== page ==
The Dinosaur Tree

I don’t commit easily to large trees since I’m awfully greedy about the sunshine in my yard, but there’s one tree I had to have.  It was bought for the old house but I couldn’t leave it behind when we moved, so out of the ground it came again and up to the new house.  After twelve months in a temporary spot I moved it again to what hopefully will become its permanent location.  It glows in the back of the yard, and although I can’t get a decent picture of all its bright yellowness, I’ll post this picture anyway.

dawn redwood in the yard

My favorite tree, Metasequoia glyptostroboides ‘Ogon’ (Goldrush) growing in the backyard.

This tree is easy to grow in normal to damp soils, has few pests, and grows relatively fast.  It’s one of those weird ducks of the tree world, mainly a conifer that drops its needles every fall.  Metasequoia glyptostroboides is the full name and as the sequoia part indicates it’s a distant relative to the giant sequoias and redwoods of the west coast of N. America.  It’s common name is dawn redwood, and the cultivar I have is the golden needled “Ogon” which is usually sold under the name of “Goldrush”.  Butter-yellow is what I would call the needle color.

Metasequoia glyptostroboides ogon goldrush

In full sun Ogon’s needles take on a bright yellow, while interior needles keep a fresh chartreuse color.

I love the color.  The straight species is a cool tree too, but the yellow on this one wins me over completely (but I admit I’m a yellow-leaf-anything lover).  ‘Ogon’ is a Japanese selection and I think it means gold.  The original plant was selected from a batch of seedlings grown from irradiated seed… I guess that explains the glow 😉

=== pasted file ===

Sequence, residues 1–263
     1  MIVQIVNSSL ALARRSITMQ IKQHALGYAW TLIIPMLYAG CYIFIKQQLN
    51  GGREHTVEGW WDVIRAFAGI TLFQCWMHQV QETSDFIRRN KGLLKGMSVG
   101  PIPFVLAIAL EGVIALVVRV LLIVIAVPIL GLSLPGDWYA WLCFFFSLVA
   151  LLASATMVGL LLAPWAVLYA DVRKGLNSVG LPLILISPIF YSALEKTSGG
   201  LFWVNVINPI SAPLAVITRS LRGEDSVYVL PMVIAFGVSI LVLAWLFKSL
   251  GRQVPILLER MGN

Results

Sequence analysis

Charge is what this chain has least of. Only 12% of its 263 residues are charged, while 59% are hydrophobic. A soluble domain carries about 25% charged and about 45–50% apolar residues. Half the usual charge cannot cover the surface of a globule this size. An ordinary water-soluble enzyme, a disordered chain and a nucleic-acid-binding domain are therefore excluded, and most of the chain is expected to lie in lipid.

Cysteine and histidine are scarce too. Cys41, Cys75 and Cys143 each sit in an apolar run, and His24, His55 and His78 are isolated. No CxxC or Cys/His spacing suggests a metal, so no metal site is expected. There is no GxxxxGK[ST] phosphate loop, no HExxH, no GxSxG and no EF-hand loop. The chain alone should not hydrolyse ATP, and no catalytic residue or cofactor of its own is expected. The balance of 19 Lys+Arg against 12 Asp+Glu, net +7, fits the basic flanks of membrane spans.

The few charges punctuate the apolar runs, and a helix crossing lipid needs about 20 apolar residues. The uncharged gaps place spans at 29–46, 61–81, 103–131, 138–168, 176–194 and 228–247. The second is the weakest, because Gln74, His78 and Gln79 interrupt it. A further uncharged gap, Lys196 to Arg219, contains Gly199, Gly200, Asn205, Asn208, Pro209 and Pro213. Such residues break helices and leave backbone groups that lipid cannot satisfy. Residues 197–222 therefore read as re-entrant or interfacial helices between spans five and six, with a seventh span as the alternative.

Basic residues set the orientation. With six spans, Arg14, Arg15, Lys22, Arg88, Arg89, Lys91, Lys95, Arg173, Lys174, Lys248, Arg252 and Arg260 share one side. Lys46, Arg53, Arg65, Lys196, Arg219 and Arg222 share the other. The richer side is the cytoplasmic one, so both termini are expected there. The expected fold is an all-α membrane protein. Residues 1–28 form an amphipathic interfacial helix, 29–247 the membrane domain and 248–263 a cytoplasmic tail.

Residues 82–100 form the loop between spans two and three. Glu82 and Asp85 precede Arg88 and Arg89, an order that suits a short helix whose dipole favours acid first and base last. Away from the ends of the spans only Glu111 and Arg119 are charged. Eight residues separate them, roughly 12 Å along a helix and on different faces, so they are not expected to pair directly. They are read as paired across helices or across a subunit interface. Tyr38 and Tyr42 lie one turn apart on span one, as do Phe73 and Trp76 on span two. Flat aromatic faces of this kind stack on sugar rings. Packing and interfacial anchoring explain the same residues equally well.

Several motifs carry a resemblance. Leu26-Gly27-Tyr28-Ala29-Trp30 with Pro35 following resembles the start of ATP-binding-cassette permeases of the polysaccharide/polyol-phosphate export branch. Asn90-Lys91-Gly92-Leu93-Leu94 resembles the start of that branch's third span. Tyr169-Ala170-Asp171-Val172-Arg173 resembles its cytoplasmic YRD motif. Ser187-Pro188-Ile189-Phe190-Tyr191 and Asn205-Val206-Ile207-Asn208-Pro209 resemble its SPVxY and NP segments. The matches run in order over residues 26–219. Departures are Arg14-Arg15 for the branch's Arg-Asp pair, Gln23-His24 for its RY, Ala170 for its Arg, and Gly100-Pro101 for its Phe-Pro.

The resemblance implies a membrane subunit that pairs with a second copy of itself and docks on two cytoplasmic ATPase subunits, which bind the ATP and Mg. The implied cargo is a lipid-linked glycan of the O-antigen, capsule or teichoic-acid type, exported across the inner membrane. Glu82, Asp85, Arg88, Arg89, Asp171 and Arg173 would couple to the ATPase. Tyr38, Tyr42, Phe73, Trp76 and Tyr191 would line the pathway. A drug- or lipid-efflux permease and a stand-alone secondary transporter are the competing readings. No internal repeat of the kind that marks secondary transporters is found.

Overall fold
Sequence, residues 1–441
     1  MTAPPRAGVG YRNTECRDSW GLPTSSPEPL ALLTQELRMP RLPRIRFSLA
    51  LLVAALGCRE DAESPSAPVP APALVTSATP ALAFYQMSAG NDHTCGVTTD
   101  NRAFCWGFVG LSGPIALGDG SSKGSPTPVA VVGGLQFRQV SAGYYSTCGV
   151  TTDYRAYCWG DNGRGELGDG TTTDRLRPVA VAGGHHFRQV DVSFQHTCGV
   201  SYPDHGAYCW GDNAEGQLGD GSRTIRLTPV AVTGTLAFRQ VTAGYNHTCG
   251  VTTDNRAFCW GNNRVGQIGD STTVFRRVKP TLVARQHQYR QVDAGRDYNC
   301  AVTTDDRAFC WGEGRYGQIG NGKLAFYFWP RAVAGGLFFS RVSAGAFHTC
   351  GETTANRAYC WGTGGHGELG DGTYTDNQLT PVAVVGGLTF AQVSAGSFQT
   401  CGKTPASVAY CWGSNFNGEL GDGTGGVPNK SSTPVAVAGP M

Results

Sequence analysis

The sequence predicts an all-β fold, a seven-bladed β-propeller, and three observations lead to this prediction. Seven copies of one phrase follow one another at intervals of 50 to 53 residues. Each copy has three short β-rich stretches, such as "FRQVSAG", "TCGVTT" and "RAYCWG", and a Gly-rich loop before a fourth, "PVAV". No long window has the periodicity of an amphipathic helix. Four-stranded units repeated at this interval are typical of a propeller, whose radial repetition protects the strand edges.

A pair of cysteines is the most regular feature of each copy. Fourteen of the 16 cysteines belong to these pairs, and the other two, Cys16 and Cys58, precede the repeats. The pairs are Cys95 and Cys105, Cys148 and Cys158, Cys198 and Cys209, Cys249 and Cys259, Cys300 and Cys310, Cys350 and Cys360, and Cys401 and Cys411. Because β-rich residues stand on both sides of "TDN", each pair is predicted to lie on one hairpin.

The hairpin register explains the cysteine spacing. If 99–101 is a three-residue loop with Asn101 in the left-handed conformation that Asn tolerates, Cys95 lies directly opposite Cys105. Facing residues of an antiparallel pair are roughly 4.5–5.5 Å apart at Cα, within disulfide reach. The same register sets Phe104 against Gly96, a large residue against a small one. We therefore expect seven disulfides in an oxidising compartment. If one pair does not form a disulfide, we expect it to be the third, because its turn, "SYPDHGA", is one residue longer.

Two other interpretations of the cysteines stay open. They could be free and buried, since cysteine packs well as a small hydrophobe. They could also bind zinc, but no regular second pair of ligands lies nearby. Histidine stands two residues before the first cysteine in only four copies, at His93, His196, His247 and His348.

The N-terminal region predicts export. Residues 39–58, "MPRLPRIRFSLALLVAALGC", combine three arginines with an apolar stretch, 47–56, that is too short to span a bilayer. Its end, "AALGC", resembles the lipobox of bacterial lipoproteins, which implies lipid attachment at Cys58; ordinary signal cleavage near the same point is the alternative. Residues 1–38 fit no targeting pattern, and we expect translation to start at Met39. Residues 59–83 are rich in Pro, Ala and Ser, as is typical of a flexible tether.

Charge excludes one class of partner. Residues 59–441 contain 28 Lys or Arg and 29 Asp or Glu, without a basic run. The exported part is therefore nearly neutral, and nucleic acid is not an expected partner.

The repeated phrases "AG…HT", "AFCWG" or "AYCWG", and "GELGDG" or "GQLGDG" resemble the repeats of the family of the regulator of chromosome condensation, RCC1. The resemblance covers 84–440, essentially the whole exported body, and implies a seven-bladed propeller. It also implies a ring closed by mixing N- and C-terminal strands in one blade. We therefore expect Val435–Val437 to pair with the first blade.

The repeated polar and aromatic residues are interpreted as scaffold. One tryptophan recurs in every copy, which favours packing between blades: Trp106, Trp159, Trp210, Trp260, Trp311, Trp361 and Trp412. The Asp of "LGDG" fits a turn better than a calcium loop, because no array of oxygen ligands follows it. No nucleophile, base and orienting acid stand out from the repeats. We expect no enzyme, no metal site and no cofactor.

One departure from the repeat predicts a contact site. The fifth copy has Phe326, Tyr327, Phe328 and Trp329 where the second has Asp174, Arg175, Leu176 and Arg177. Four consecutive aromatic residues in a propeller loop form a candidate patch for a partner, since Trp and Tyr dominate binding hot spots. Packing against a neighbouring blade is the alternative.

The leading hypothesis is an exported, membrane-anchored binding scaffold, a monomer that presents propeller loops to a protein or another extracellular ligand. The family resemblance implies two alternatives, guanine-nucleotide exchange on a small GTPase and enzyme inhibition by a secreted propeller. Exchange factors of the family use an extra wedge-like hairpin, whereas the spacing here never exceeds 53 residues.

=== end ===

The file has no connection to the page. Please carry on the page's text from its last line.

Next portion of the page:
goldrush dawn redwood

Looks great against the blue sky too 🙂

The species has an interesting history too.  It’s been called a dinosaur tree since for years it was believed extinct and only known through fossil records dating back to the age of the dinosaurs.  Living trees were only “discovered” in the 1940’s growing at Chinese temples and then later as wild groves in a few isolated areas.  Seeds and cuttings were collected, plants were grown, and now the tree is known throughout the globe (at least among tree lovers).

ogon metasequoia

On younger trees the bright yellow may fade to white in full sun, and then end up browning on the edges. My tree is doing fine in a dry spot, but they grow better with more water.

I think if I had more room, a nice grove of these would be about right.  My single tree has so much character and brightness I feel almost like it’s more of a pet than a plant, and I may or may not have talked to it at times.  If you ever get the chance to see older trees they develop a cool buttress at the base with deep ridges and fissures.  I think this only happens if you leave the lower branches on, and since mine will need to be limbed up (for more planting areas of course) I think I’ll end up with a smoother trunk.  Still nice in my opinion!

This post has me thinking about other cool trees.  If I could only get rid of the annoying red maples along the North property line I could put something nicer along there….. hmmm.   Any suggestions?

23 comments on “The Dinosaur Tree

  1. I am just like you, I too would have a grove of them. You are more courageous than me though, plus have a lot more room. When in SF, I just marveled at them. I have seen large ones in PA, but those out west are just amazing. Oh, saw some in NC too. Ogon is very pretty, the color brightens up any space. The Dawn Redwood is really a prize of a tree.

    • bittster says:

      I’m amazed by the west coast conifers, I saw a few babies in Oregon and Washington, but never the real giants…. something for the wish list.
      Sometimes a big part of courage is not understanding the consequences, so maybe I am courageous in my planting! Dawn redwoods don’t grow nearly as tall as the real redwoods, I’ll be lucky to see 100 feet. But that’s enough to make my yard look small. People don’t plant enough of the great trees anymore. I’d hate to see oaks and beech and hickories go out of style in favor of crabapples and Asian pears….. and I’m so bored with redmaples. What a rooty nightmare they are.